According to this video, the [u] letter as in Hund [hʊnt] is the short version of [o:] instead of [u:], but as I know, there is another letter [o] as in Millionär [mɪli̯oˈnɛ:ɐ̯] being the short version of the same letter [o:].
So my question is, what's the difference between [o] and [u], if they're the same thing why do they use two different IPA letters to represent one single vowel?

EDIT: As the video mentioned above doesn't use the standard IPA script, I have to clarify my question here. What confuses me is these two letters in IPA script [o] and [ʊ]. Some would say that the short o sound is denoted by [ɔ] as in Nonne [ˈnɔnə] , but there is another one letter [o] as in this video.

  • In what I perceive as standard pronunciation (e.g. in good radio programmes and in classical theatre) there is of course a difference between "Hund" and "Millionär", and therefore phoneticians use different IPA letters. Everyday usage, especially in dialect-affected regions (and most regions are) will vary considerably. In Swabian for example, it is indeed rather "Hond" like "Millionär". But that's not standard pronunciation. – Christian Geiselmann Sep 23 at 14:02
up vote 13 down vote accepted

One problem (but not the only one) with this video is that it uses its own notation for sounds which makes it confusing for people who know IPA.

The short u in German is pronounced like the oo in English foot. The IPA symbol for this vowel is ​[⁠ʊ⁠]​.

While the German long o (IPA [oː]) may sound very similar when spoken short, I would not consider them the same sound. So I think it is correct that them IPA symbols are different. In some regional variants the sounds may be identical, but this is not generally true.

The short o is IPA ​[⁠ɔ⁠]​. Like the short u, it is a pronounced more open than its long German counterpart. It is pronounced much like the British English short o in lot or bot. This is not 100% true as the former is IPA [ɔ] and the latter is [ɒ], but the difference is IMHO not important in practical usage.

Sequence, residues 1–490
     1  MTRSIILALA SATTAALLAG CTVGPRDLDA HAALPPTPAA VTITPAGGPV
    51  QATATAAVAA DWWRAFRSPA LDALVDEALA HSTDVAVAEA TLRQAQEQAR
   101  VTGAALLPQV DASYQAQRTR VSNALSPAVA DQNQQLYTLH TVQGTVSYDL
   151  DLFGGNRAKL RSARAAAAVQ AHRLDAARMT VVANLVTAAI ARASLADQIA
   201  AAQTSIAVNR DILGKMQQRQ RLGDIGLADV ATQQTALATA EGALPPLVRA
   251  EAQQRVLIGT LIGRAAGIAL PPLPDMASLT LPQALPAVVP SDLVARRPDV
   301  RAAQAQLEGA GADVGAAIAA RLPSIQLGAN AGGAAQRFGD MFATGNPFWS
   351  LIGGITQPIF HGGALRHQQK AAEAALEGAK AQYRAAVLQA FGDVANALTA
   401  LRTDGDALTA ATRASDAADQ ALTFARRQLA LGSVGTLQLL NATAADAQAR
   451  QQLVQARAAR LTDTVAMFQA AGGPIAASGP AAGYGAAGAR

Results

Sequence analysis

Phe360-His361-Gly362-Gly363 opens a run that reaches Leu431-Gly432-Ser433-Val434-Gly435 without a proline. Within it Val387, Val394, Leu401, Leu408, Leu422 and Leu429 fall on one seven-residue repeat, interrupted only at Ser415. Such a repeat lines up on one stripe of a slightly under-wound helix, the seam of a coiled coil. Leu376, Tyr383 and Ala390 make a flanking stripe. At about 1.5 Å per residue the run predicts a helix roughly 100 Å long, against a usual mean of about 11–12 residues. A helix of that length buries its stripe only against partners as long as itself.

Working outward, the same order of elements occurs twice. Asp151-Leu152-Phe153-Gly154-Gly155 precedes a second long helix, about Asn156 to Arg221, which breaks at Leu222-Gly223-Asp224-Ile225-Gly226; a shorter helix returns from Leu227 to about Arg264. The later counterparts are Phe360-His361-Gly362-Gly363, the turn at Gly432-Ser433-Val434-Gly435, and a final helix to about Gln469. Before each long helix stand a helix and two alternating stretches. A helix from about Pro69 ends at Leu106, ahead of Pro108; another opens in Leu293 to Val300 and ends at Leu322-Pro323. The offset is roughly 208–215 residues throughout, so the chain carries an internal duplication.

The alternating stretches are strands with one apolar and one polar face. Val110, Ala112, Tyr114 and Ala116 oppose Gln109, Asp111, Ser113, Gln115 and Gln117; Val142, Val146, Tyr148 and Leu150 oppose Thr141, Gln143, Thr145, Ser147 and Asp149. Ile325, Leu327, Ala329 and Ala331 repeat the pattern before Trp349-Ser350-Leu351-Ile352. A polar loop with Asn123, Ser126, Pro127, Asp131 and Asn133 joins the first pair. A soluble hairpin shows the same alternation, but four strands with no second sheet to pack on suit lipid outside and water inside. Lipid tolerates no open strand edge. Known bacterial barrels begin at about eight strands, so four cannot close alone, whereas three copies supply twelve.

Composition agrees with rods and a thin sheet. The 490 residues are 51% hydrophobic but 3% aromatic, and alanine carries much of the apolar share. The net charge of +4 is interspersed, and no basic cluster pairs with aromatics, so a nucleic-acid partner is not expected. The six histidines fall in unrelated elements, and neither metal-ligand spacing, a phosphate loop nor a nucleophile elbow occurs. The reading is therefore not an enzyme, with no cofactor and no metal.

So we have four sounds:

Short u [ʊ] rounded centralized almost closed short back vowel

Long u [u:] closed rounded long back vowel

Short o [ɔ] half-open rounded short back vowel

Long o [o:] half-closed rounded long back vowel

Millionär is a bit of a special case since the o is pronounced like the long o but short. If the vowel in Hund were the same vowel (as in Boot but short, as the video claims) Millionär would be homophonous to Milliunär, but I would deny that.

  • 1
    So, could you please help me distinguish these two sounds? – preachers Sep 23 at 14:07
  • Sorry if this confuses you even further, but which two sounds do you mean? It's actually four sounds: [⁠ɔ⁠]​, [oː], ​[⁠ʊ⁠]​ and [uː] – RHa Sep 23 at 14:13
  • I mean [ʊ] and [o] as in Hund and Millionär – preachers Sep 23 at 14:17
  • As I know, the [ɔ] and [o] are different letters. Have a look at the word Nonne, this o is pronounced as [ɔ]. – preachers Sep 23 at 14:18
  • See IPA table for English Dutch German Spanish French Italian Catalan Russian Swedish Vietnamese Korean Greek Croatian Japanese Portuguese Finnish: en.wiktionary.org/wiki/Wiktionary:IPA_pronunciation_key – Takkat Sep 23 at 14:25

This video is nonsense. The speaker himself said at the beginning (0:11 to 0:15):

Dafür verwende ich meine eigene phonetische Umschrift.
For that I use my own phonetic transcription.

This means nothing else but:

You can't compare the symbols that I invented without any scientific background with any standard phonetic symbols.

In fact the pronunciation of the examples in this video in the standardized international phonetic alphabet is:

  • [oː] (long close-mid back rounded vowel)

    Oma = [ˈoːma]
    Boot = [boːt]
    froh = [fʀoː]

  • [ʊ] (short near-close back rounded vowel)

    Hund = [hʊnt]
    Butter = [ˈbʊtɐ]
    Luft = [lʊft]

  • [ɔ] (short open-mid back rounded vowel)

    Post = [pɔst]
    Tonne = [ˈtɔnə]
    voll = [fɔl]

  • [uː] (long close back rounded vowel)

    U-Bahn = [ˈuːˌbaːn]